Ruth Layton Founder of sankalpa
    Ruth Layton
    Founder sankalpa
  • “‘Stuff’ really is not what brings happiness. Family, friends, good health and the satisfaction that comes from making a positive difference are what really matters.”

    Richard Branson
    Richard Branson
    on signing the Giving Pledge
  • “When you become wealthy and you have a lot of money, you’re starting to think about giving it away on a slightly industrial scale! Even if you give away the same percentage as ordinary people, you’re giving away larger sums of money so the way you’re going to do it is different.”

    David Harding
    David Harding
    Hedge fund manager, philanthropist and OCF donor
  • “I’ve lived in Oxfordshire for many years, and feel I’ve benefited greatly from being in such a thriving and interesting place. Leaving a legacy to OCF in my will is my way of repaying this – and I also trust that they will understand exactly where funds are needed in years to come. Having seen small voluntary sector groups come and go, I find this longevity very reassuring.”

    A silhouette of an anonymous person
    Legacy donor
  • “We make a living by what we get, but we make a life by what we give.”

    Winston Churchill
    Winston Churchill
  • “It’s really important to tell the world about what you’re doing. You’ll be naturally quiet and modest, and it’s not very British, but it is very important, so put your modesty aside, tell the world what you’re doing, because they’ll be interested!”

    Paul Barry-Walsh
    Paul Barry-Walsh
    Beacon Fellow
  • “Every act of philanthropy touches a life. Deprivation is not destiny. If you come from a disadvantaged background, you just need to be given an

    Paul Marshall
    Paul Marshall
    Beacon Fellow
  • “I feel passionately that so many more people could be philanthropists and are a bit afraid of it. What we need to do as Beacon Fellows is go out there and talk about it. One of the things I want to do is to share the joy that I’ve had!”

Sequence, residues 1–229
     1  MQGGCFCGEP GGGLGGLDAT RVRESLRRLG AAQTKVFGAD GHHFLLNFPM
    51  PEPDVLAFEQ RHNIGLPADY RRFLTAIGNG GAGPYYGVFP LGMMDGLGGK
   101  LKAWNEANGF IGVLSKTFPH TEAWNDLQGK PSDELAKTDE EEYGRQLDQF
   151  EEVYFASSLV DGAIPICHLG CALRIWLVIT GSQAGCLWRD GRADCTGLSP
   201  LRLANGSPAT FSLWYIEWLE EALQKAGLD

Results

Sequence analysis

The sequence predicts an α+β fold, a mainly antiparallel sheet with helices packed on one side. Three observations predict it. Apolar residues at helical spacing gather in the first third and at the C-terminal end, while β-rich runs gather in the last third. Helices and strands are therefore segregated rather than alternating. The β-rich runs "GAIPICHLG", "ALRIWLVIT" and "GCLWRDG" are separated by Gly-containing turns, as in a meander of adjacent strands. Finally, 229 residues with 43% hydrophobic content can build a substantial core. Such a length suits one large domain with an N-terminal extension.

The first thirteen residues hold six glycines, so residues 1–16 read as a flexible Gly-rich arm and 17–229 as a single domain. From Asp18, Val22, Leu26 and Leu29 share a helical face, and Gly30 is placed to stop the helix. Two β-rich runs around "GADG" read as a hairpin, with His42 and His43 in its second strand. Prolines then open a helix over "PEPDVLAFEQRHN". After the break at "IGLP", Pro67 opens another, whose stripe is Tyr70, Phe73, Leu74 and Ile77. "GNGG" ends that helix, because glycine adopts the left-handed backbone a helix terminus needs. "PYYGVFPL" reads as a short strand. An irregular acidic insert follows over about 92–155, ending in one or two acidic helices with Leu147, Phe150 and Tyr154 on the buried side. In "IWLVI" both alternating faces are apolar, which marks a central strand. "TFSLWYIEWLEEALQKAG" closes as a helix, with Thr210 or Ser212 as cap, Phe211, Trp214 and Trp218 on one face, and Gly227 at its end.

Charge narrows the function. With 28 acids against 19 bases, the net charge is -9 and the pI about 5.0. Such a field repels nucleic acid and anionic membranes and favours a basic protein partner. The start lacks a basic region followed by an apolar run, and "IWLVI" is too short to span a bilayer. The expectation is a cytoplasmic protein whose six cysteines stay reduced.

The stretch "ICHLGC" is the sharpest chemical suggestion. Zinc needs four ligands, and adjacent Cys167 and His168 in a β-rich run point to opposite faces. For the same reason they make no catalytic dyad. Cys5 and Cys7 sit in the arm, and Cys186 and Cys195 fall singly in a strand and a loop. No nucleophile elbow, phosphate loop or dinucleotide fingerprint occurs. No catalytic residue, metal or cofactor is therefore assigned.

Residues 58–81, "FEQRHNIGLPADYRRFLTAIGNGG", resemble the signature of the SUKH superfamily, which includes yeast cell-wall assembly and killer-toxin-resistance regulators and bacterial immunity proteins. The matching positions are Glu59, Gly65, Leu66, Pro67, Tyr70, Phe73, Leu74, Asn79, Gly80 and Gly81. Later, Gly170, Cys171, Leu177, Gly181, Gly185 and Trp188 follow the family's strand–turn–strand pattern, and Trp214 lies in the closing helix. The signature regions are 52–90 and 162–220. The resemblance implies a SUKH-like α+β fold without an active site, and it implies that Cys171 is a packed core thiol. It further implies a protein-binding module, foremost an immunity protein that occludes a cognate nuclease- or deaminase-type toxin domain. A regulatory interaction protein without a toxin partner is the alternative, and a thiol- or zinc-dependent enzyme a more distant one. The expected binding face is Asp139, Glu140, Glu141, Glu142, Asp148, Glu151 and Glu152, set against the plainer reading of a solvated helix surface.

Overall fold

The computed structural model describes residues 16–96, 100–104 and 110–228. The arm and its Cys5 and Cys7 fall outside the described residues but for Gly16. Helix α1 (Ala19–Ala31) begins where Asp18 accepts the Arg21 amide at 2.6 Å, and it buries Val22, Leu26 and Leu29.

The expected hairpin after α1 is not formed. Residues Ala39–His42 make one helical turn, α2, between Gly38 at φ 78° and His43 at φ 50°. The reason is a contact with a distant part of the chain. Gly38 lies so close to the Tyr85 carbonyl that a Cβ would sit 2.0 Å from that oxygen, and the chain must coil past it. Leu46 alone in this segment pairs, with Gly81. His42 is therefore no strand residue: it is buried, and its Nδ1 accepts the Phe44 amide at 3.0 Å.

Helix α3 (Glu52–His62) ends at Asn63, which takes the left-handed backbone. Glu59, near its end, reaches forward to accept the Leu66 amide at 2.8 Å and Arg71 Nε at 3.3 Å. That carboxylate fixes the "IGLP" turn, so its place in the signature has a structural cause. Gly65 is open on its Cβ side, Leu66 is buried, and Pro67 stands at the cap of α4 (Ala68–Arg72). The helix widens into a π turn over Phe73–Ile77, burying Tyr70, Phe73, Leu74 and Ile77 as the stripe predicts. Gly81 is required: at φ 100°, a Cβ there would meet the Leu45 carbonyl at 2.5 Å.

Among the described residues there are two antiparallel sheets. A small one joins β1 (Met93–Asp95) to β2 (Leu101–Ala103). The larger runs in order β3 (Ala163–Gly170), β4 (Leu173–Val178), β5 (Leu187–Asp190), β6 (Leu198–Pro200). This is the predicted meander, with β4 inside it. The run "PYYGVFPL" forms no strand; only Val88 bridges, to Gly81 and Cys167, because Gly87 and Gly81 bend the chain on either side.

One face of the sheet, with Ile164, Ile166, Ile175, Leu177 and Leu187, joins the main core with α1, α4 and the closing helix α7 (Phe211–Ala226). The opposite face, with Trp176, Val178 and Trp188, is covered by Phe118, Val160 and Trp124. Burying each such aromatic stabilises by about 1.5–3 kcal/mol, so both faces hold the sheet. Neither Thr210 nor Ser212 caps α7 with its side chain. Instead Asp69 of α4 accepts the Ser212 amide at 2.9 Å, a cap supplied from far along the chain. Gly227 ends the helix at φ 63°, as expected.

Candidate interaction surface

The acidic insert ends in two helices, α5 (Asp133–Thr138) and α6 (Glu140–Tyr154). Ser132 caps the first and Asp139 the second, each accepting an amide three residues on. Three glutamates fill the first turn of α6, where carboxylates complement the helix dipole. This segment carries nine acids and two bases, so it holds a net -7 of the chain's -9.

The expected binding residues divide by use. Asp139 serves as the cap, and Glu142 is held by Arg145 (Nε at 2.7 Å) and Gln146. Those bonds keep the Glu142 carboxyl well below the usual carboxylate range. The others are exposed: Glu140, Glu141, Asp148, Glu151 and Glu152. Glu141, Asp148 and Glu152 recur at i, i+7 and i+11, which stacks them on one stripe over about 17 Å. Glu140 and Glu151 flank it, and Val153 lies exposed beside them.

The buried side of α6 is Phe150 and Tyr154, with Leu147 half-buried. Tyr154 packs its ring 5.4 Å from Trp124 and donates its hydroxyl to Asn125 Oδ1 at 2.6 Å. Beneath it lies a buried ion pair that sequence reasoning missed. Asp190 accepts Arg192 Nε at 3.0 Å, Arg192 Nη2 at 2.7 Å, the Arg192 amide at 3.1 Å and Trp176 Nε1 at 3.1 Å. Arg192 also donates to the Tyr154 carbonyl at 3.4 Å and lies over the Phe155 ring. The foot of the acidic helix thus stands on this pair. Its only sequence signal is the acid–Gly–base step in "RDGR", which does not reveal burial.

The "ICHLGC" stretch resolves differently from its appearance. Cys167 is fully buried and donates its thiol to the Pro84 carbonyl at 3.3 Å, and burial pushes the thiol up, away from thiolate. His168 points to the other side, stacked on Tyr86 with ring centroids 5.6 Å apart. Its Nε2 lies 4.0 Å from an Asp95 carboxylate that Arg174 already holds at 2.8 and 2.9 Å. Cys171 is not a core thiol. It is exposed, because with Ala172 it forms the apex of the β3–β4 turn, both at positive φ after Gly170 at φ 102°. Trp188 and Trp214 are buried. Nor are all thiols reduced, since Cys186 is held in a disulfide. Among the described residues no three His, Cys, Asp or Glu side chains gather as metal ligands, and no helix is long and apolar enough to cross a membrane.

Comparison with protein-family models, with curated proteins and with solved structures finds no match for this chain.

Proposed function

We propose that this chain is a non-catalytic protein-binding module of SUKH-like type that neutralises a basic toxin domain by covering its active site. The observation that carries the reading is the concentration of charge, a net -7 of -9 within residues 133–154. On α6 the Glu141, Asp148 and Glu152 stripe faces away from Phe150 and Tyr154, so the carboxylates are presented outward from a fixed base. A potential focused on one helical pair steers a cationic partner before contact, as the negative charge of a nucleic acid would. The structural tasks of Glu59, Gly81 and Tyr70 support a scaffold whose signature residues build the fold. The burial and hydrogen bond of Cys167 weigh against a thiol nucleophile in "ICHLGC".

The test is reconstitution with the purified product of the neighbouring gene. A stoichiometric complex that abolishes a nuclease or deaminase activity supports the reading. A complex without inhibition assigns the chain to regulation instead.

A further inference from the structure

Marcelle Speller OBE
    Marcelle Speller OBE
    Beacon Fellow
  • “Prosperity requires not just investment in economic capital, but also in social capital. Community foundations are playing a critical role in helping to deliver a more inclusive capitalism.”

    Mark Carney, Bank of England Governor
    Mark Carney
    Governor of the Bank of England
  • “It is more difficult to give money away intelligently than to earn it in the first place.”

    Andrew Carnegie, a 19th century Scottish American industrialist and philanthropist
    Andrew Carnegie

Ark T Centre

The Ark T Centre is an arts project in East Oxford, and is situated in a high-risk area for Child Sexual Exploitation (CSE). Ark T is an open and inclusive community, where people, art, and powerful ideas come together, using the transformative powers of creativity to change lives.


SOFEA’s mission is to enable the transformation of people’s lives, and their communities, with a major focus on young people. They enable people to fulfil their potential through work, wellbeing, study and purpose projects, providing the means of reducing the immediate effects of disadvantage by relieving food insecurity in the wider community.

Good Food Oxford (GFO)

Good Food Oxford supports the existing work of many organisations in and around the city working to make our food system more nourishing, less wasteful and more sustainable.


Thrive offers activity clubs and mentoring for young people in two of Oxford’s most deprived areas – Blackbird Leys and Barton. Their clubs and activities are countering the effects of social exclusion.